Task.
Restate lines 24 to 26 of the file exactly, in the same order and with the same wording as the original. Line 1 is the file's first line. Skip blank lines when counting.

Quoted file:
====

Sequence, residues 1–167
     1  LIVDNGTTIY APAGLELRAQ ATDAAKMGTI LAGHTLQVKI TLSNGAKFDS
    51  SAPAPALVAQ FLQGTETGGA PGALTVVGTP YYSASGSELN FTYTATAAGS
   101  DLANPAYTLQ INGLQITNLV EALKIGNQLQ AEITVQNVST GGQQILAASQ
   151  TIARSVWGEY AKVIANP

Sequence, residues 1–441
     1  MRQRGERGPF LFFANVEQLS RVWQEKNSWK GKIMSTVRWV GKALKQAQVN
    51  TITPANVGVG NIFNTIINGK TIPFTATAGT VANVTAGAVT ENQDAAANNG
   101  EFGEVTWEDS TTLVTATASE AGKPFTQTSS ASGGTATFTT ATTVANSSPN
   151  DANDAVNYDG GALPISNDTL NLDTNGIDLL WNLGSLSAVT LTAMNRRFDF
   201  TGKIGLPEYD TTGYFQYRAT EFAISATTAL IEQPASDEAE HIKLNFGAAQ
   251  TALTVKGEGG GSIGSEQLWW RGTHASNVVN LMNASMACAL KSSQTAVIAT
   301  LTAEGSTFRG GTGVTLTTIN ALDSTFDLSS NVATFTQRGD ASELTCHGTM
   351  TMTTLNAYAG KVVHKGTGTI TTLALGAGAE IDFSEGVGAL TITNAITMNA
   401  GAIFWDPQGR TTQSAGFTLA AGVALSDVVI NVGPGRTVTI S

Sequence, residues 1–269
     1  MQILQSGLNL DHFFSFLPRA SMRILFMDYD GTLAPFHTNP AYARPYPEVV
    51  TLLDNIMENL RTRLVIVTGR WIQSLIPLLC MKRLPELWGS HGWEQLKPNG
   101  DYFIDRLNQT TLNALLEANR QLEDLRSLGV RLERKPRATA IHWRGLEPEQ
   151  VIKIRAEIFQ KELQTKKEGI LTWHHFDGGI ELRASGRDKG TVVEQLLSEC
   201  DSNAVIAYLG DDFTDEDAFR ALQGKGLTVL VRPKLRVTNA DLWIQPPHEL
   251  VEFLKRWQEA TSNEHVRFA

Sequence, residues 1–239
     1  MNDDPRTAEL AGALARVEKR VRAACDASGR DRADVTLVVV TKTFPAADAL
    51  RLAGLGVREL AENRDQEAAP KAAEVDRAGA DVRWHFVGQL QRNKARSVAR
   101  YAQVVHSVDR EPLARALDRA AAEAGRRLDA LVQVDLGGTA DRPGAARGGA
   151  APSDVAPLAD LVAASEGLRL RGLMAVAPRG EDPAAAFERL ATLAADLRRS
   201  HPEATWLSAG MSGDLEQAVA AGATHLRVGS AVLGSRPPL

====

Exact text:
     1  MNDDPRTAEL AGALARVEKR VRAACDASGR DRADVTLVVV TKTFPAADAL
    51  RLAGLGVREL AENRDQEAAP KAAEVDRAGA DVRWHFVGQL QRNKARSVAR
   101  YAQVVHSVDR EPLARALDRA AAEAGRRLDA LVQVDLGGTA DRPGAARGGA